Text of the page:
Looking and Power (Reading Response: Practices of Looking)

What’s the relation between power and looking? To understand it, we need to first understand the relation between the sign, the observer, and the controller of the medium. I find myself disagreeing with Barthes (and agreeing with Peirce) in his conception of a ‘sign’ as a container of interpretation. The creator(s) intend to evoke some meaning for a piece, but it is not up to them or to the piece how it is finally perceived. Under Barthes’s view, there can be potentially endless amounts of signs derived from the same signifier, because there are potentially endless interpretations of any given signifier. What’s interesting is how those interpretations are constructed: they come from fundamental social stimuli that, in one way or another, are defined by political and/or cultural structures of power. We (generally) know what they want us to know, and we interpret new messages through the filters that they taught us. But we also have some degree of control over this process (to the extent that we are aware of these external structures of control, at least). We can decide to process signifiers critically, seek out contrasting ones, or, if we’re lucky, ignore them. That’s where the role of the medium comes in. In an open, unregulated, and freely navigable medium such as the web, the observer can escape to or from signifiers at will, but in public open spaces, the regulators have all the cards. A politician might perform a blitz-campaign where no living citizen could escape their imagery, thus inciting them to vote for them almost through sensorial saturation (which happened in Chile in 2009), or a brand might embed itself in the landscape of any and all businesses related to itself (the way Coca-Cola has), thus inserting itself in consumer’s minds in a very much subliminal fashion. On the other hand, regulators can deny the exhibition of any signifier they deem unfit, thus exerting their power over the visual landscape that we inhabit daily.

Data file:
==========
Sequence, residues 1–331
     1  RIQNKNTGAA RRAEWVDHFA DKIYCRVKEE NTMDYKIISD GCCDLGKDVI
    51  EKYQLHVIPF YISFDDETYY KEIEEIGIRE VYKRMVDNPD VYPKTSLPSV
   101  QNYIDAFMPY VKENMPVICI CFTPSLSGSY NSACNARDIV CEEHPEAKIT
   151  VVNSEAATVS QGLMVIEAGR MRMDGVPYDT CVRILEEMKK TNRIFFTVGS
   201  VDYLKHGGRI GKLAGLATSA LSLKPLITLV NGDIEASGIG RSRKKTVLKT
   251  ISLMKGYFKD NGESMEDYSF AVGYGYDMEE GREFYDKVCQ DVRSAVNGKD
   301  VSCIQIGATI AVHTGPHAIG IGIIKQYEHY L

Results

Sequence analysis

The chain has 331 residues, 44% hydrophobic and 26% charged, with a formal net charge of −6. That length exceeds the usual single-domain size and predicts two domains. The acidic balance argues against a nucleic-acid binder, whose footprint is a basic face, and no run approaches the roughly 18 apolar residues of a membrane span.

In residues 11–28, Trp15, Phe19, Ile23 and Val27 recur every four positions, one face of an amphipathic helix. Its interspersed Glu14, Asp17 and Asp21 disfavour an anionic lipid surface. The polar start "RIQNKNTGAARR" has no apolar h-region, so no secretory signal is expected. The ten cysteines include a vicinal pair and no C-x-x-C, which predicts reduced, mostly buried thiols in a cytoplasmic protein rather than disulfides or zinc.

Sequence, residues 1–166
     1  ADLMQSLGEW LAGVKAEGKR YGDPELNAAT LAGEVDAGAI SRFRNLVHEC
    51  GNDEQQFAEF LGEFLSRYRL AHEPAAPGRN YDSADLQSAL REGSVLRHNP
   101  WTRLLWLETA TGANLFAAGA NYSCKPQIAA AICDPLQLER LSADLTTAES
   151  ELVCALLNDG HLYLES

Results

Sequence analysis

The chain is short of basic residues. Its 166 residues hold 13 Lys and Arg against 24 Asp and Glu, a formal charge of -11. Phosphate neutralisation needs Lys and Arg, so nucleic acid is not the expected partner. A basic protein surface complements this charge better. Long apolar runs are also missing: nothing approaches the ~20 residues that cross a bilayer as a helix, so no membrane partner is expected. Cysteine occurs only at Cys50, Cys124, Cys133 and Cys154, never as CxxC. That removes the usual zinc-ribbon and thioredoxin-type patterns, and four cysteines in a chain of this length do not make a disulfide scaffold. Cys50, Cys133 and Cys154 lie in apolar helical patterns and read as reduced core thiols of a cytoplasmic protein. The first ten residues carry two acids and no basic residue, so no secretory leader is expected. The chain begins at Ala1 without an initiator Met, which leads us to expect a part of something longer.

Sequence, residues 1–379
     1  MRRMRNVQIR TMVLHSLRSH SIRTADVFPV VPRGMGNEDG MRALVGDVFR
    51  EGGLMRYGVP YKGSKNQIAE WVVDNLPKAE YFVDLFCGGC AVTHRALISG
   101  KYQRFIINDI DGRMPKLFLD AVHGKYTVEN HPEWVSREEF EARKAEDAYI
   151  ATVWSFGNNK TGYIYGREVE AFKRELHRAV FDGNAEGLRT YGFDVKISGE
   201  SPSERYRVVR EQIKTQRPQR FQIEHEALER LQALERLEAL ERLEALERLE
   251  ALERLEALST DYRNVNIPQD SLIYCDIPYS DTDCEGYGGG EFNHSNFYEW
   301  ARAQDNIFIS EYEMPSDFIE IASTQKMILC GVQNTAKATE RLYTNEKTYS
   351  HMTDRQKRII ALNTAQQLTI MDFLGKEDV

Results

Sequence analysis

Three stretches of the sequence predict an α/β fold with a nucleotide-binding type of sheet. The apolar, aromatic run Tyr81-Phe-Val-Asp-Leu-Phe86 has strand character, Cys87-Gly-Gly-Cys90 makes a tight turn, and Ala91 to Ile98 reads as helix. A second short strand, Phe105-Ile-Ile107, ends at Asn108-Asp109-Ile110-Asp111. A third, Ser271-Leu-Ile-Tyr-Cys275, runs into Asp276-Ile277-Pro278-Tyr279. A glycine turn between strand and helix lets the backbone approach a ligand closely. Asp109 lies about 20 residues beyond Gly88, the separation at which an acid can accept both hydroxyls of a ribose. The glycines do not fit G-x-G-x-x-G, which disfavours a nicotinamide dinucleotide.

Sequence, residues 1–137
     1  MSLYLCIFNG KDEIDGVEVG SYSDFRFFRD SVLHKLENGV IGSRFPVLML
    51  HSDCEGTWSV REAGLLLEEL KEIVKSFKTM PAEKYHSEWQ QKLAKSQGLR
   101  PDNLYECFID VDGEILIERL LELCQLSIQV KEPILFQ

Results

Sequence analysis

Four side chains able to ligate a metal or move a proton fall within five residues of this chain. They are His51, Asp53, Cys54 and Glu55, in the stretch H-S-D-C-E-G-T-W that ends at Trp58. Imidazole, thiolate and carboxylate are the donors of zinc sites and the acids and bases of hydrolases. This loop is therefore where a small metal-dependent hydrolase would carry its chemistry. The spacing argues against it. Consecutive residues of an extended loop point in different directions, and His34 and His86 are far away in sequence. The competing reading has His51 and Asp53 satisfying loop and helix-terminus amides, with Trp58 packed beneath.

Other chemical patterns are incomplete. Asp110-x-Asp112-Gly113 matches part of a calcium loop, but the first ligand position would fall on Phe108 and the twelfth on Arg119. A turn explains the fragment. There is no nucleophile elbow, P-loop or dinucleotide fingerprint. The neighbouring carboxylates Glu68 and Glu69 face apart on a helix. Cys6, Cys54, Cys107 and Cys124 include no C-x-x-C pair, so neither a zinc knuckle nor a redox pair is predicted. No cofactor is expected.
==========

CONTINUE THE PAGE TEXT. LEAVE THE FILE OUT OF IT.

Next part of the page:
Human person

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